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Do you feel shoulder pain or stiffness? Do you have a problem with the motion of your arm? These can be the symptoms of a Frozen Shoulder; loss of range of motion, stiffness, and shoulder pain. The shoulder can develop increased pain with use/movement. These symptoms can make sleep very difficult and painful. A frozen shoulder occurs often in people 40 to 70 years old, more often in women, especially in postmenopausal women.
When experiencing shoulder pain, we recommend using a PEMFT (pulsed electro-magnetic field therapy) device, MINI LT. The therapy may last for several weeks. We recommend MINI LT for its analgesic effect (against pain), as well as having positive cell stimulation and lasting anti-swelling effects.
What causes frozen shoulder?
Frozen shoulder can develop when you stop using the joint normally because of pain, injury, or a chronic health condition, such as diabetes or a stroke. Any shoulder problem can lead to frozen shoulder if you do not work to keep full range of motion.
In older patients frozen shoulder comes to shoulder stiffness after lack of movement, tendonitis and other painful shoulder affections. This stiffness is conditioned by capsule inflammation on the joint connected with the wear-out and shrinking of the capsule. The symptoms include restricted movability of the shoulder joint with pain intensifying by the inner and outer rotation and shooting into the deltoid muscle.
People who've had reduced mobility of the shoulder are at higher risk of developing frozen shoulder. Immobility may be the result of many factors, including broken arm, stroke and recovery from surgery.
People who have certain diseases appear more likely to develop frozen shoulder. Diseases that might increase risk are diabetes, cardiovascular disease, tuberculosis and Parkinson's disease.
When to contact a Medical Professional
If you have shoulder pain and stiffness and think you have a frozen shoulder, contact your health care provider for referral and treatment. Early treatment may help prevent frozen shoulder. Call your provider if you develop shoulder pain that limits your range of motion for an extended period.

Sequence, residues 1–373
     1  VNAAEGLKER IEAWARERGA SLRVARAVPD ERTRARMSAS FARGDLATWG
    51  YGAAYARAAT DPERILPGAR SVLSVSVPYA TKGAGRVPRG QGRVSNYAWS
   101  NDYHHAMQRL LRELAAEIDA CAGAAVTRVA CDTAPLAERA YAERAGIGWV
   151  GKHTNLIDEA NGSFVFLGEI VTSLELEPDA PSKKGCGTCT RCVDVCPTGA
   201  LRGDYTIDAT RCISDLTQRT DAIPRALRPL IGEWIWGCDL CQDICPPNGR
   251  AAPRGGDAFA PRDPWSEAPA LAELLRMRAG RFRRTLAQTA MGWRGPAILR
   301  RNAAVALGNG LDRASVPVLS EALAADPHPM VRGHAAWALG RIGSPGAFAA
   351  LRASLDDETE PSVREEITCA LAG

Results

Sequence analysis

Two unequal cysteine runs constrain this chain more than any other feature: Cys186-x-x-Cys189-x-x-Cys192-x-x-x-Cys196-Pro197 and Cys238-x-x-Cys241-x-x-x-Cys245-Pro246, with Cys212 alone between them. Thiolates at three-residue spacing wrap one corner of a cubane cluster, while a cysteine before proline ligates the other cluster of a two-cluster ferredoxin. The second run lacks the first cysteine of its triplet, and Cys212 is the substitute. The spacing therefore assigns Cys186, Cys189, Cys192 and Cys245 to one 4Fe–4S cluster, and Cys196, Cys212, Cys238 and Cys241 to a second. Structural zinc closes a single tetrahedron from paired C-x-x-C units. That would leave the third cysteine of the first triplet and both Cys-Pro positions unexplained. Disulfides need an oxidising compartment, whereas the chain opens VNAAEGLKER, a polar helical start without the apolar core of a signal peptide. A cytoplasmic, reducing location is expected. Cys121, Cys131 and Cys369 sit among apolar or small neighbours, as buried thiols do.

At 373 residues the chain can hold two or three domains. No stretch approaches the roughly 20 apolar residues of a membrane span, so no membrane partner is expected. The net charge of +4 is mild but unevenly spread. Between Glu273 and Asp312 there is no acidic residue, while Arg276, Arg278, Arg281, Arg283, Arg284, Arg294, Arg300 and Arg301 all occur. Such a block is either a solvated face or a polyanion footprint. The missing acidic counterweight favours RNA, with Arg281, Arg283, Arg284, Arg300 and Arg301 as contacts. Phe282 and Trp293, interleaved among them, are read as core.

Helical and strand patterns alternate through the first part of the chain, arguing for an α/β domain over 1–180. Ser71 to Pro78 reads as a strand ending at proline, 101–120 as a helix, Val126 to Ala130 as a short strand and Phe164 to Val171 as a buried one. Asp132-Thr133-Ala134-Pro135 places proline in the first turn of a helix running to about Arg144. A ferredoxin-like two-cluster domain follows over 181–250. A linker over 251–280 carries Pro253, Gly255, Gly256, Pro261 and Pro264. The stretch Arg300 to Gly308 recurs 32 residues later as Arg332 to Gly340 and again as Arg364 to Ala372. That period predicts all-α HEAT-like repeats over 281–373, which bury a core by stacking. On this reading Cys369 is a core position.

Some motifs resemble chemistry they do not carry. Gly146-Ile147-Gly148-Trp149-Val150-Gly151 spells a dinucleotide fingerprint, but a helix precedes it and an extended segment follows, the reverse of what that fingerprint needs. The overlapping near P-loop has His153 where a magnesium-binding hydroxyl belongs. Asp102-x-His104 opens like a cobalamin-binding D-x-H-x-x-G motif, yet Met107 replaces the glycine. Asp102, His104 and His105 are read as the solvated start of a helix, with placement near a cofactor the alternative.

How is frozen shoulder treated?
Physical therapy can help increase your range of motion. A frozen shoulder can take a year or more to get better. Treatment for frozen shoulder usually starts with application of heat to the affected area, followed by gentle stretching. Ice and medication may also be used to reduce pain and swelling.
The objective of the treatment is to prevent shoulder stiffness with the help of preventive therapeutic exercises. The other therapy includes long-term physiotherapeutic mobilizing treatments. Often supported by analgesic or muscle relaxations, nerve blocks (nervus suprascapularis) or corticoid injections.
If treatment is not helping to recover frozen shoulder, surgery is sometimes done to loosen some of the tight tissues around the shoulder. Two surgeries are often done. In one surgery, called manipulation under anesthesia, you are put to sleep and then your arm is moved into positions that stretch the tight tissue. The other surgery uses an arthroscope to cut through tight tissues and scar tissue. These surgeries can both be done at the same time.